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Teton Withdraws Applications For 6 Commerce, May Reapply



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The Land Use Department has been notified that Teton Capital Company, LLC, has withdrawn its applications for a 171-unit senior living community at 6 Commerce Drive.

In a letter sent May 2 from William Donohue Jr, managing partner of Teton, the company informed both the Planning & Zoning Commission and the Inland Wetlands Commission that it is withdrawing all applications before both bodies. It had four with P&Z and one with the Wetlands panel.

The letter indicates Teton has the intention to resubmit a new application or applications for the property. What those application(s) may entail is not stated in the letter.

Donahue wrote that Teton is looking to build “housing that allows seniors to downsize and live out their lives in the town they love.

“We look forward to resubmitting the applications and working with [the Planning & Zoning Commission] on ensuring Church Hill Farm at Deep Brook successfully achieves this worthy goal.”

The proposed development met with public opposition during a wetlands public hearing on April 12 and a P&Z public hearing on April 6. Residents expressed concerns on the effects of the development on Deep Brook, and the neighboring Catherine Violet Hubbard Sanctuary, and some residents are inquiring if it is possible to keep the parcel as open space.

At the wetlands public hearing, Peter Olson, an attorney representing Teton, indicated that the plans for the property were being revised. The agenda of the April 20 P&Z meeting indicated that the hearings on Teton’s four applications had been delayed to the May 4 meeting.

Then on May 3 the public agenda was changed to note the applications had been withdrawn and the hearings would not be occurring. The meeting of May 4 was still on the calendar, with three items items on the agenda.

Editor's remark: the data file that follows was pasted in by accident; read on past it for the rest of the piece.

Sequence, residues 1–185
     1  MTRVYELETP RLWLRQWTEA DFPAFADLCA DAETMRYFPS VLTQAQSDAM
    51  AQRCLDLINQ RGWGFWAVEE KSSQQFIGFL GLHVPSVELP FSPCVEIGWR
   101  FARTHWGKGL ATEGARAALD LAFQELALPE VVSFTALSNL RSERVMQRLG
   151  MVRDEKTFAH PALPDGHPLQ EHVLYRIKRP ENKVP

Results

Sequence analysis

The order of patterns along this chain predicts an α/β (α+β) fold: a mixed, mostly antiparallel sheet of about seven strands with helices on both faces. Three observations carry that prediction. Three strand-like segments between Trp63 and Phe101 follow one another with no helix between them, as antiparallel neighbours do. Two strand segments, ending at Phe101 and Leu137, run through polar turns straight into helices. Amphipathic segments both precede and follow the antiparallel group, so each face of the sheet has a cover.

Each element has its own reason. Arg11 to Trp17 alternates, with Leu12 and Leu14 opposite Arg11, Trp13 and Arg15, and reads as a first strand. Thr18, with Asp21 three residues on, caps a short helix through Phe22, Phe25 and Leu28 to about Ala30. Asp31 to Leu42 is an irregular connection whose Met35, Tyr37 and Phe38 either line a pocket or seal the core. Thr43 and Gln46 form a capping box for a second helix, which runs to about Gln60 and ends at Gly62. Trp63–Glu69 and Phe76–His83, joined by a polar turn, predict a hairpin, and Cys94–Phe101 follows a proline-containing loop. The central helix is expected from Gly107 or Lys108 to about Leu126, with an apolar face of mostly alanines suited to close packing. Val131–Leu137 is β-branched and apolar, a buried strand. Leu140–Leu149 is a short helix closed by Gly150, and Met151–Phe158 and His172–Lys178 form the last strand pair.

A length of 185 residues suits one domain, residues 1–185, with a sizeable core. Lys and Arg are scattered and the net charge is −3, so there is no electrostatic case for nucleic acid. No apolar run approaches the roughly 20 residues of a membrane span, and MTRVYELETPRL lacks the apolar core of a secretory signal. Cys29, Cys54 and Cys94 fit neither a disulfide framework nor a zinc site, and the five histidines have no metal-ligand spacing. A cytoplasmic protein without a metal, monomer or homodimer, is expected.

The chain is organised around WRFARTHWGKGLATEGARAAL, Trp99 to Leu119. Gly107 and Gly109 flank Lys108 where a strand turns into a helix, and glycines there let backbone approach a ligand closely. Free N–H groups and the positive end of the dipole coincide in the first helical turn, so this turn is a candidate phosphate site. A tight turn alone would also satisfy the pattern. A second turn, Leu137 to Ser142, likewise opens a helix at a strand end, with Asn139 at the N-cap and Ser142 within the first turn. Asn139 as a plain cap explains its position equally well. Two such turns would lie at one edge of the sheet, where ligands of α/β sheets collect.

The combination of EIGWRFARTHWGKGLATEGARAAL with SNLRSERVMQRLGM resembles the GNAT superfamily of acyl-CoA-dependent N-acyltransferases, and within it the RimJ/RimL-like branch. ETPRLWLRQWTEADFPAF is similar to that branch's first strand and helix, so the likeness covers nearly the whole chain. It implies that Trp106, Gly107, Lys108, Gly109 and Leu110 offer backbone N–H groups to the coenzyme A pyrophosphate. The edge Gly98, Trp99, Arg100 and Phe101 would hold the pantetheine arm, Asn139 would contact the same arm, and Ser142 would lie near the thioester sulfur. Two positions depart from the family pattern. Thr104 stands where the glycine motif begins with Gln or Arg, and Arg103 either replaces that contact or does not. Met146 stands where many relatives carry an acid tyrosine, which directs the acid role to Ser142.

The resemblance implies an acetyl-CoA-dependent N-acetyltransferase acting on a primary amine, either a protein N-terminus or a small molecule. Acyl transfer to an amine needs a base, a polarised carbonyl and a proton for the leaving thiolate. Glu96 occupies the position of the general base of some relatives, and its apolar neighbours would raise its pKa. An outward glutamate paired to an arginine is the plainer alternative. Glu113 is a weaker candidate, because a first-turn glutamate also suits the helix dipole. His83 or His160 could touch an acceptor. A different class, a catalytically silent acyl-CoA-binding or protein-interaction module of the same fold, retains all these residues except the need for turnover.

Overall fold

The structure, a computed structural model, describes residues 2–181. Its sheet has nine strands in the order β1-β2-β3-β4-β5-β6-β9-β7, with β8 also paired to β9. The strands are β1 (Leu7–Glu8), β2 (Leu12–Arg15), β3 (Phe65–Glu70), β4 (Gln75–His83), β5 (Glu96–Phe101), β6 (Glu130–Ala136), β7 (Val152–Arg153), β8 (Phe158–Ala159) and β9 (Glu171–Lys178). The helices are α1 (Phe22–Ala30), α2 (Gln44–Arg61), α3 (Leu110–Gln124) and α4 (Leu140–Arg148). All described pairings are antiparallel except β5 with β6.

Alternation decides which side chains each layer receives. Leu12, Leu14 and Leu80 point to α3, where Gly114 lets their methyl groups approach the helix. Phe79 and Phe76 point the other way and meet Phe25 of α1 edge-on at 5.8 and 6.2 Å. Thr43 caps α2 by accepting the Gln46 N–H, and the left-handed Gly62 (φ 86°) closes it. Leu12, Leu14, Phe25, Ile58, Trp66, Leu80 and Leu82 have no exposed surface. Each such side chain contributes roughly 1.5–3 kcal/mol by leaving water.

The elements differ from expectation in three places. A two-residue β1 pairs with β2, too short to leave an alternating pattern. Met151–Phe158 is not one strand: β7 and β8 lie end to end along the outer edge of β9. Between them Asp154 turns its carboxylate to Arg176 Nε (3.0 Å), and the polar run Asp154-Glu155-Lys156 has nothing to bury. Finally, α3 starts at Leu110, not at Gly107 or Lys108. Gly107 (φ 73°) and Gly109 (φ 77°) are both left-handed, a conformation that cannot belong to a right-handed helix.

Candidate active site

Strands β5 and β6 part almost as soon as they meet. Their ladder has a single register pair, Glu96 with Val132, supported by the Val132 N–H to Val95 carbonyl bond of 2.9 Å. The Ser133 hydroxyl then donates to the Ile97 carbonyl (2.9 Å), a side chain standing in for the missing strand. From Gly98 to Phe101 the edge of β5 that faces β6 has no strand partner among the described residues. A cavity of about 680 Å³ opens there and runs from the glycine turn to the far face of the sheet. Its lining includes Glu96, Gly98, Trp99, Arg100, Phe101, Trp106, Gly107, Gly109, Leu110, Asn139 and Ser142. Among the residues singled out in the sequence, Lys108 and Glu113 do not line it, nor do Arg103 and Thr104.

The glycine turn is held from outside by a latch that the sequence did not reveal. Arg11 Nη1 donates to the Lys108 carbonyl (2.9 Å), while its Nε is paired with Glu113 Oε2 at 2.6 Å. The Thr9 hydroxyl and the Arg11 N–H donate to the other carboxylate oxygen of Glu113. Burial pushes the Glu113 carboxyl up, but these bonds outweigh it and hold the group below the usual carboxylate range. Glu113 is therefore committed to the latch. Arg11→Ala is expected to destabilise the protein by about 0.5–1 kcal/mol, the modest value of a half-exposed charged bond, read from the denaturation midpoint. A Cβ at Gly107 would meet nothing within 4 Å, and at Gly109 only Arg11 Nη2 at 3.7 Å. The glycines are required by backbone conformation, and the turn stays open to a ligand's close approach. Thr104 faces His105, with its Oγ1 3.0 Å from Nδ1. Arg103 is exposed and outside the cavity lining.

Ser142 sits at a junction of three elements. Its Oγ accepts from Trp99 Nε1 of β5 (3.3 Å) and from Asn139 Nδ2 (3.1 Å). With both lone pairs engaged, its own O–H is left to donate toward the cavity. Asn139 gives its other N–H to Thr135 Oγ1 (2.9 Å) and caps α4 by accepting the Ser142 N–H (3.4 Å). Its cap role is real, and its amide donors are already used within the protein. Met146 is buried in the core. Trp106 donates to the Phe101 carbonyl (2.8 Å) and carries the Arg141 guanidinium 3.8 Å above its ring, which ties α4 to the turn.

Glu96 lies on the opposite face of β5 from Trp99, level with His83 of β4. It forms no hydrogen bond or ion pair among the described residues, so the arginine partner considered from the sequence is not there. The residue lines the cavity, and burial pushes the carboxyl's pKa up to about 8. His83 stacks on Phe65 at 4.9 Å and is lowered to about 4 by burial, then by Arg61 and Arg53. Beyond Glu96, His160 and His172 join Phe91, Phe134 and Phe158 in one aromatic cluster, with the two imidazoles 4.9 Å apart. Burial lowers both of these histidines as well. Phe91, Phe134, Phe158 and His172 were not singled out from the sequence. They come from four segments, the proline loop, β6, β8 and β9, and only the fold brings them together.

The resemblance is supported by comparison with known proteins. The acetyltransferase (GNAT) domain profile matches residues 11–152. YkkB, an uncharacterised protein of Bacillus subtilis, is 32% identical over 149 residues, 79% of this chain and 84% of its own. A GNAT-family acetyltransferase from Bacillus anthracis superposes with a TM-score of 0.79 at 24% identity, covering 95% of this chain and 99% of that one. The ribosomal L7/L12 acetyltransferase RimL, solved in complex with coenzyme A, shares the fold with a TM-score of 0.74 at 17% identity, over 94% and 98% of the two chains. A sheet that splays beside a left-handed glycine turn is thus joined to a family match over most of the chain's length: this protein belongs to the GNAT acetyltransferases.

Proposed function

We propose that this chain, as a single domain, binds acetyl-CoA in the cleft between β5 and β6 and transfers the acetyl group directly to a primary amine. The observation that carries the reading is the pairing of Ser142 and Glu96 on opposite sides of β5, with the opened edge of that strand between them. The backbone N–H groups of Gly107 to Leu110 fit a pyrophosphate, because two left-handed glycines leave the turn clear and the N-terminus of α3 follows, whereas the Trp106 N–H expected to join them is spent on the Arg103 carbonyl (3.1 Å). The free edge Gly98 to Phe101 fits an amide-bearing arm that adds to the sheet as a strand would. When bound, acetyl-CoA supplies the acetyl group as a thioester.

Land Use Director Rob Sibley said that in most cases, if the applicant comes back with a new application for a property, the town does not charge them a new application fee. Withdrawing and resubmitting an application allows an applicant “to start the clock again” as well as giving them a new fresh start in presenting their plan, instead of having multiple edits on the record in the new application.

“I think they felt it was in their best interests to regroup instead of keeping the hearing open,” said Sibley.

Sibley did not know the likelihood of whether Teton would resubmit; he said sometimes in situations like this applicants are never heard from again, and other times they do resubmit.

The old application and all materials related to it are still public record despite the fact the application has been withdrawn, according to Sibley.

“The public is welcome to come and see what the files contain,” Sibley said.


Associate Editor Jim Taylor can be reached at jim@thebee.com.

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